How to Change Your Athlete’s Mindset

Weaknesses are just strengths waiting to be worked on.
Author:
Publish date:
Social count:
77
Weaknesses are just strengths waiting to be worked on.
How to Change Your Athlete’s Mindset

Mindset trumps all. This is especially true once we realize that everything begins in the mind, including front squats. Carol Dweck, Ph.D., is leading research on two prevailing frameworks that create our state of mind. First, there’s the growth mindset — which essentially understands our attributes, including our talents and tendencies, as malleable traits. The growth mindset believes we can improve (or degrade) skills and have some element of control in most of our characteristics. Second, the fixed mindset understands our qualities as more deterministic. Outcomes for fixed-mindset individuals are more generally interpreted as reflections of who we are.

If you have a little bit of growth mindset about others, you might be interested in the following four ways to talk to an athlete (regardless of his or her mind’s orientation) to reinforce growth-mindset characteristics:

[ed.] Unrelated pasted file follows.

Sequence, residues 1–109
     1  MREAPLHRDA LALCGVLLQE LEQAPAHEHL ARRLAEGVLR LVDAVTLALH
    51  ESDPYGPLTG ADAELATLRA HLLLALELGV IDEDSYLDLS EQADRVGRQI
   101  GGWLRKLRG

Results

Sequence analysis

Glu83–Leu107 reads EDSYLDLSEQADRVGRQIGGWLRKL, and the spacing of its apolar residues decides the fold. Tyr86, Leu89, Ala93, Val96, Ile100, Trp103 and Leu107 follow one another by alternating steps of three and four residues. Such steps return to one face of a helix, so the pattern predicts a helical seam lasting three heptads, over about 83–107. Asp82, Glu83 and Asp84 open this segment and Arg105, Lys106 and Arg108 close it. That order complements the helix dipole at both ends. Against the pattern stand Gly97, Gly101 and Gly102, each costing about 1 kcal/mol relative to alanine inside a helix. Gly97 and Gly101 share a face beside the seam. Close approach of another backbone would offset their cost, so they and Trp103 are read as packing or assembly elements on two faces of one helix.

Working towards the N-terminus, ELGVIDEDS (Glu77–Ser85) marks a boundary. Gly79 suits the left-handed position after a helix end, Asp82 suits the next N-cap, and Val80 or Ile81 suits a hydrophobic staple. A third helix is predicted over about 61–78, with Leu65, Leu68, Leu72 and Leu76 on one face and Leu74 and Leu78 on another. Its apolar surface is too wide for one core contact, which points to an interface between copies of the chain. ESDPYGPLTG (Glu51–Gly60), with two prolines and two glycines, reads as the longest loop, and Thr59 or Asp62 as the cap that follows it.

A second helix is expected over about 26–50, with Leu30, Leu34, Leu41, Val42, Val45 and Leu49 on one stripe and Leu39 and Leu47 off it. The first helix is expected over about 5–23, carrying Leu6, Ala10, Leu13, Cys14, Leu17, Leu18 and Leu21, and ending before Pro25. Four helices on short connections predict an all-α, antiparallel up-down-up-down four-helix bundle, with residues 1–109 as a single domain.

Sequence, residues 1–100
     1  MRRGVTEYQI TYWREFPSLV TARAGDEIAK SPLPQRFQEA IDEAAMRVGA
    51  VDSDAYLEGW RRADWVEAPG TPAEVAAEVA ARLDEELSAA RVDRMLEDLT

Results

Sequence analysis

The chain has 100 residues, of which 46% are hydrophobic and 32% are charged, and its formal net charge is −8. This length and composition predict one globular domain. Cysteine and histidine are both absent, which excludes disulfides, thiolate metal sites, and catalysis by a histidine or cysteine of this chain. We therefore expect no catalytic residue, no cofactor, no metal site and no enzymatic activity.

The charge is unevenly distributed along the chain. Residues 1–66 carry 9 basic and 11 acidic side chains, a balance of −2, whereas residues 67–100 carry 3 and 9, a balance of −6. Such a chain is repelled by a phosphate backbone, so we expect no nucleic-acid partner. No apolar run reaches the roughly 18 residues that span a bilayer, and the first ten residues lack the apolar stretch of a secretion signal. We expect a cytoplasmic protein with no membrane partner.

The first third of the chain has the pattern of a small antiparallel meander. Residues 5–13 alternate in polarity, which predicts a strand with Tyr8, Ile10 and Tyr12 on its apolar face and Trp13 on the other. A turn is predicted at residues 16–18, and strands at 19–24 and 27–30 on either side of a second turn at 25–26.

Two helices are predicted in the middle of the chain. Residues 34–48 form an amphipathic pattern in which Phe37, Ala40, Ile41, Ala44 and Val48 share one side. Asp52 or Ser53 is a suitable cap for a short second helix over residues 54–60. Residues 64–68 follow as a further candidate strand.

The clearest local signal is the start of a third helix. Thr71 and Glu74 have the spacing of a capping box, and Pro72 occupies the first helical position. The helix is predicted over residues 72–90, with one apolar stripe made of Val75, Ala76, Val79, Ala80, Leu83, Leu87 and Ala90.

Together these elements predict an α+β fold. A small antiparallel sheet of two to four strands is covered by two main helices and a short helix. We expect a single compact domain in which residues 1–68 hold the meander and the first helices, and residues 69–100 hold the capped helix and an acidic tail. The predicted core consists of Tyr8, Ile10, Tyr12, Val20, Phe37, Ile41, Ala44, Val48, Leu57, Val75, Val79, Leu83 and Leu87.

Attribute athlete’s strengths to a body of work.

When we start CrossFit, we learn — maybe for the first time — that we’re better at some things than others. This is an opportunity to reinforce the growth mindset in athletes by inquiring about their past or referencing the work they did in high school or as a youth. Telling someone they are naturally strong removes some of the control and opportunity for growth in the future, especially in areas they aren’t proficient at.

Allow Day One to be Day One.

This is important, especially when fixed-mindset individuals, who identify as “fit” people, struggle on Day One and begin to question whether their life is a lie or whether something is wrong with this “stupid CrossFit” program. Remind them that it’s their first day and that there’s almost no reason they’d be wildly good at something on the first day. While they may have a good base, tell them to look forward to a journey of learning.

Weaknesses are simply underdeveloped strengths.

The areas of CrossFit people excel in were earned, at some point. Weaknesses, then, are just strengths waiting to be worked on.

There is no summit.

Constantly giving context can engrain “learners” mindset to even the best athletes in the gym. While it is a burden of continual improvement, the strongest and fittest in your gym need to know that there are stronger and fitter men and women out there and that they aren’t at the summit. There is no summit.

For more insight into this powerful mindset, dive into the work of Carol Dweck. It can change any person, athlete or organization for the better.